Happy Registered Dietitian Day!

Hi Bulls!

March is National Nutrition Month® (NNM)! Over the next couple of weeks, we’ll delve into the highlights of NNM this year and learn how to make small changes to build a healthy diet that works for us. But today, I wanted to touch on a topic that is near and dear to me. Today is Registered Dietitian Nutritionist Day! Registered Dietitians (RDs) are found in all types of job fields related to food, health and wellness. Our responsibilities can range anywhere from helping patients and clients learn to make better food choices for their health, to teaching food service workers about food safety and allergen awareness, even to helping big brand name companies figure out what information they have to provide on their food labels and websites to keep consumers knowledgeable about their products.

One question us RDs get a lot is what is an RD and how is that different than a nutritionist or health coach? I love getting this question because it gives me a chance to advocate for my profession and help educate people about why they should bring their nutrition-related questions to an RD. A Registered Dietitian is someone who has gone to school and earned a degree in dietetics, nutrition, food science, or other nutrition-related programs. All of us have at least a bachelors degree, but that requirement will soon be changing to a masters. Once we complete our degree, we go through a rigorous 1200-hour internship where we put what we learned in the classroom into practice. These internships usually cover a few different sectors like clinical nutrition (working in a hospital or medical setting), food service management, long-term care (nursing and rehab), community nutrition, pediatric nutrition, and various others. After the 1200 hours are logged, we have to take an exam to earn the national credential of being “Registered”. Many RDs go on to become licensed health professionals with the state department, which can require paying a licensing fee and even taking another exam (depending on your state laws and requirements). We also have to participate in continuing education every year to ensure we keep up with the latest research. These are all the steps we have to take to earn the right to call ourselves Registered Dietitians (or Registered Dietitian Nutritionists – RDNs). Compare this to someone who calls themselves a nutritionist, nutrition expert, or a health coach with a certificate in nutrition. These titles can be taken up by anyone and are not regulated at the state or federal level. Many nutritionists don’t go through a 4-year degree, any type of internship, or national accreditation process. This is why it is so important to bring your nutrition questions to an RD because we have gone through extensive amounts of training to become experts in our field. We use our expertise to help people make personalized, positive lifestyle changes that are backed by research!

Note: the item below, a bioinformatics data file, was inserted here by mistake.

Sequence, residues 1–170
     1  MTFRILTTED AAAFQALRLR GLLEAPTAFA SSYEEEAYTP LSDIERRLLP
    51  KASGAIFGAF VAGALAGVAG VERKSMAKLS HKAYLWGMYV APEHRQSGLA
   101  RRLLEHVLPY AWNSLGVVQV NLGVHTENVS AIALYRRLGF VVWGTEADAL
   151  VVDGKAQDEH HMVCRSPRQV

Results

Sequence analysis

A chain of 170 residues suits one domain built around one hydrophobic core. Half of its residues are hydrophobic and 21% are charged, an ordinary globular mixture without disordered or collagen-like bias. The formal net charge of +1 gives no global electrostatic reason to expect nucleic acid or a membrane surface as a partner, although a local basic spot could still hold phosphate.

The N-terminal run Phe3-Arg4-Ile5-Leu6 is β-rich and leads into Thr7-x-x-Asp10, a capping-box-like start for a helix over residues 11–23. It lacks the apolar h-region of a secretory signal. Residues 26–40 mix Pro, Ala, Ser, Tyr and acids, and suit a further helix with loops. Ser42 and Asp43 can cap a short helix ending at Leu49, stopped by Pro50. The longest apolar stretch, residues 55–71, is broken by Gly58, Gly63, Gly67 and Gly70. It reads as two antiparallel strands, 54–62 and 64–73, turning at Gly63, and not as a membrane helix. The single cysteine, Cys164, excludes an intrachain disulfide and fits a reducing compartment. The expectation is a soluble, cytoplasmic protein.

If you know a Registered Dietitian (there are a few of us on campus!) and would like to wish them a Happy Registered Dietitian day, send them a message to let them know you appreciate them! To learn more about Registered Dietitian Nutritionist Day, please visit the EatRight website here.  

Stay safe, stay healthy!

-Karina

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